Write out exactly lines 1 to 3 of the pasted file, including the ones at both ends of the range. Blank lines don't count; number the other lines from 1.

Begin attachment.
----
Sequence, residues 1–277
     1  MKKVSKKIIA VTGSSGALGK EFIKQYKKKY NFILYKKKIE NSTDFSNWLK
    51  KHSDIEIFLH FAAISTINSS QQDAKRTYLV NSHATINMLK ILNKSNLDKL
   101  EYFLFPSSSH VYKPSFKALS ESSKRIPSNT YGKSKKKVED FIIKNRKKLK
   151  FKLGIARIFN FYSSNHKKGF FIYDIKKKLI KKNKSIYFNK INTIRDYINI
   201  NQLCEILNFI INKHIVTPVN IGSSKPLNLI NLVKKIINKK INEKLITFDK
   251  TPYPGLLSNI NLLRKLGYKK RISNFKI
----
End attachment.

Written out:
Sequence, residues 1–277
     1  MKKVSKKIIA VTGSSGALGK EFIKQYKKKY NFILYKKKIE NSTDFSNWLK
    51  KHSDIEIFLH FAAISTINSS QQDAKRTYLV NSHATINMLK ILNKSNLDKL